Fraser accepts a drop of water from a family overwatering their lawn in Denver. From the Colorado Trout Unlimited “Defend the Colorado” campaign. Click for full video.
Fraser is Happy !
Last fall a big greenback was seen hiking along the highway from Winter Park to Denver looking for his water. It seems a major water company had been diverting his home water to grow Kentucky Bluegrass lawns. In interviews Fraser seemed confused by how and why this was happening and set out for Denver to track down his water.
Fraser’s looking for his home water.
Hiding under the conference table Fraser heard some good news. Denver Water, TU, Grand County, Colorado Parks and Wildlife, Colorado River District, and Middle Park Water Conservation District had reached an agreement on Feb. 13, 2014 that would actually improve his habitat over what it is now. All they need is Army Corps of Engineers approval expected in early 2015 to get started on it. Here’s what he heard:
High water temperature will be monitored at Tabernash, Fraser, and below Windy Gap Reservoir. When the temperature gets high than 70F in the Fraser River or above 74.8 in the Colorado, Denver Water will give back 250 acre-feet of water at up to 4 cubic feet a second to bring it back down. If after 20 years of “learning by doing” this doesn’t work, then Denver Water will contribute $1 million dollars to design and construct project for the sole purpose of addressing these temperature problems.
Flushing flows for a minimum of 72 hours to improve channel stability and transport sediment will be provided by Denver Water 3 out of every 10 years. Flushing flows committed to are 80 cfs (cubic feet per second) in the Fraser, 70 cfs in St Louis Creek, 50 cfs in Vasquez Creek, and 40 cvs in Ranch Creek. If after 20 years this doesn’t work, Denver Water will contribute $1 million for projects to address channel stability and sediment transport.
Fraser, the wandering greenback cutthroat is particularly happy that Denver Water will be funding a $72,500 barrier to restore cutthroats in a CPW selected headwater stream. Denver Water is already collaborating with the USFS, ACE, USFWS, and CPW to protect the greenback cutthroat trout with an eye to expanding habitat on the Williams Fork and St. Louis Creek.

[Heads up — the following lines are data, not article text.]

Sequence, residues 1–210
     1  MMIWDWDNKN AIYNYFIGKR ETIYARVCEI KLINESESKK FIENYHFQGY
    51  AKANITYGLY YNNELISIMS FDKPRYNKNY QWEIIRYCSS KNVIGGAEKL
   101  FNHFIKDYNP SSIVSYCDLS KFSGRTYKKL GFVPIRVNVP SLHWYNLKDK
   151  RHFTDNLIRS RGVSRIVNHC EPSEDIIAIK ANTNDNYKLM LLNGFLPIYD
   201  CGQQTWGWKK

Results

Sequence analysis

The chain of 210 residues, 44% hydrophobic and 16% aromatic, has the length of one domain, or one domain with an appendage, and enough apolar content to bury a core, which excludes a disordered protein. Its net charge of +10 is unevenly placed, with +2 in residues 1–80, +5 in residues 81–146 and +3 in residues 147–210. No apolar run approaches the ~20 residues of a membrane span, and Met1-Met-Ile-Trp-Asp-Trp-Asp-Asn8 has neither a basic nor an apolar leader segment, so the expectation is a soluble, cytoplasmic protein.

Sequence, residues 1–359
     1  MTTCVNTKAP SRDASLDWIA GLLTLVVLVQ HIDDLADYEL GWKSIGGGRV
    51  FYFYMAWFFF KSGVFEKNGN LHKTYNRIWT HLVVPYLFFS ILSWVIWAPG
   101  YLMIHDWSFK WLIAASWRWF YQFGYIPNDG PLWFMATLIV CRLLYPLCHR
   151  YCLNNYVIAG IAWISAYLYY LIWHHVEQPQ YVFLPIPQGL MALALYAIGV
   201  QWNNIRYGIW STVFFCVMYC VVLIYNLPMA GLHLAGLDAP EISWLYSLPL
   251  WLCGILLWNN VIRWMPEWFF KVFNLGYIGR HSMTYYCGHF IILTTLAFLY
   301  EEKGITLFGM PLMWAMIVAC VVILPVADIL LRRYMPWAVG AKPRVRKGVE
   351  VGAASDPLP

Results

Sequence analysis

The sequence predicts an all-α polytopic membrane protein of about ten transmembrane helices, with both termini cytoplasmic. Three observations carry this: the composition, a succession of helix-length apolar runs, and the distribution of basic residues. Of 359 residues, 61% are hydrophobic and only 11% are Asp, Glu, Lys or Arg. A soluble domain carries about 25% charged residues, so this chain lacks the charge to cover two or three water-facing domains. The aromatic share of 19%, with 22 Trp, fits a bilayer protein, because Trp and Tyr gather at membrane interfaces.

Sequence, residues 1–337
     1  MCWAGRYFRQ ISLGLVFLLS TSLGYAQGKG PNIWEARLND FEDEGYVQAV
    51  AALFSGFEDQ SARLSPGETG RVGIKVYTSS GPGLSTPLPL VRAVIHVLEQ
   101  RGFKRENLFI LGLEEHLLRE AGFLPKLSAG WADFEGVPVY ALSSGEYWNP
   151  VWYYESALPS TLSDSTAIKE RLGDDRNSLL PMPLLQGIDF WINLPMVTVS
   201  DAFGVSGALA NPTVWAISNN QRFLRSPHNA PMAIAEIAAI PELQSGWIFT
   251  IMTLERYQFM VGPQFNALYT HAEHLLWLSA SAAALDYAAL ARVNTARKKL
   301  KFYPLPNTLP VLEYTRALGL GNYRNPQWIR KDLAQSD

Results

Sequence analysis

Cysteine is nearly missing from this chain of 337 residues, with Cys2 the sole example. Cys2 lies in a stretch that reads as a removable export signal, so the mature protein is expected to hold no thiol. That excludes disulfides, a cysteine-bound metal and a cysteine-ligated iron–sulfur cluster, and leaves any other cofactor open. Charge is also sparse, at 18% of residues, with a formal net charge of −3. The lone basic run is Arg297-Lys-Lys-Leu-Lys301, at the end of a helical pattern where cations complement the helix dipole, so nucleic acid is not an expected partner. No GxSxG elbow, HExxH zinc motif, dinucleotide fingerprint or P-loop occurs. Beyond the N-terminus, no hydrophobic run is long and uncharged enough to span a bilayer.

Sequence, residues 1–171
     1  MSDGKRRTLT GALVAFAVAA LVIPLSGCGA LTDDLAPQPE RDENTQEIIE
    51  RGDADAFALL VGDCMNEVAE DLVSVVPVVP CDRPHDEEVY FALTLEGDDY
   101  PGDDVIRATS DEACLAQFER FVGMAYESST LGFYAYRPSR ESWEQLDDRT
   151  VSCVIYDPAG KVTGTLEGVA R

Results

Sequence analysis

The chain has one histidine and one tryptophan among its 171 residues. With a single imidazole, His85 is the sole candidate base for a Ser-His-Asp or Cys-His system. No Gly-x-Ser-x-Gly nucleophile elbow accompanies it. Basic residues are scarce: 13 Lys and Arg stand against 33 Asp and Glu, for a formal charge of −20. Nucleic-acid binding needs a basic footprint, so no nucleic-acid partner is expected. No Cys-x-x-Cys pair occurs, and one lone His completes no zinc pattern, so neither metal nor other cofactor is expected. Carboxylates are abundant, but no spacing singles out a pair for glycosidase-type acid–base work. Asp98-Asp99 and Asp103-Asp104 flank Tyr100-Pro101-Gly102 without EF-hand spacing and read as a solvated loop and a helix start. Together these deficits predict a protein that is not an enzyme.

Fish Habitat restoration projects using $750,000 from a Denver Water escrow account will be used to compensate for reduced flows caused by the Gross Reservoir Expansion (named the Moffat Project for some reason.) See the interview with Stoney, the homeless Denver South Platte Stonefly, in the March 2014 DTU Drift, to understand how changing a stream channel can actually make a river trout habitat better when the flows are reduced.
Stream conditions, water temperature, channel stability, sediment transport, macro invertebrates, riparian areas and wetlands will all be studied to provide a baseline for action should problems occur during the construction or operation of the Gross Reservoir Expansion Project.
Development of an annual plan to coordinate operations of diversion structures and reservoir releases to maximize the effectiveness of temperature, channel stability, habitat restoration, and cutthroat restoration.
Denver Water and Norther Water will contribute $6 million for Habitat Improvement in the 17 miles of Colorado River from Windy gap to the confluence with the Williams Fork River.
Denver Water will provide $1 million for flow related projects to protect wild and scenic river values.
Denver Water will turn over 1.25% of West Slope Fund surcharges to be dedicated to reforestation and aquatic improvements in Grand County.
After the project is operational in 2021, $2 million for environmental enhancements, and $1 million for pumping water from Windy Gap to Grandby Reservoir for subsequent release to the Colorado below Grandby. Denver Water will dedicate 1,000 acre-ft each year from the Fraser Collection System and 1,000 acre-ft from the Williams Fork Reservoir to be used for instream minimum flow and aquatic habitat improvement.
Denver Water commits to by-pass and additional 2-3,000 acre-feet of water from diversion as required by USFS and Bureau of Land Management, unless it has implemented a ban on residential lawn watering.
(Read the details for yourself. I’ve translated this from legalese and may have made some untoward assumptions. .ed)
TU Press Release:
Fraser is going to stick around in Denver until the Corps of Engineers approves this mitigation and Enhancement Coordination Plan and Denver Water gets its permit to expand the Gross Reservoir. Then as the work on the project starts he’ll return home to keep an eye on and enjoy the improvements being made. He’s one happy greenback.
Don’t Suck the Upper Colorado Dry – Photo by Cory Stansbury